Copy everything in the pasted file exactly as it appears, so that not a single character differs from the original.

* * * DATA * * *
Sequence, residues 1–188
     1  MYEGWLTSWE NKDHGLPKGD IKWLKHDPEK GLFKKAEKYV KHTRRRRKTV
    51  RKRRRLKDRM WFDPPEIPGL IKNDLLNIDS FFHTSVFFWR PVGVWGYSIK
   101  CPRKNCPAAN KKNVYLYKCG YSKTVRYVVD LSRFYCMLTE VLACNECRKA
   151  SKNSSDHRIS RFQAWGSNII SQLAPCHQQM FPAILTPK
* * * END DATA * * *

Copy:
Sequence, residues 1–188
     1  MYEGWLTSWE NKDHGLPKGD IKWLKHDPEK GLFKKAEKYV KHTRRRRKTV
    51  RKRRRLKDRM WFDPPEIPGL IKNDLLNIDS FFHTSVFFWR PVGVWGYSIK
   101  CPRKNCPAAN KKNVYLYKCG YSKTVRYVVD LSRFYCMLTE VLACNECRKA
   151  SKNSSDHRIS RFQAWGSNII SQLAPCHQQM FPAILTPK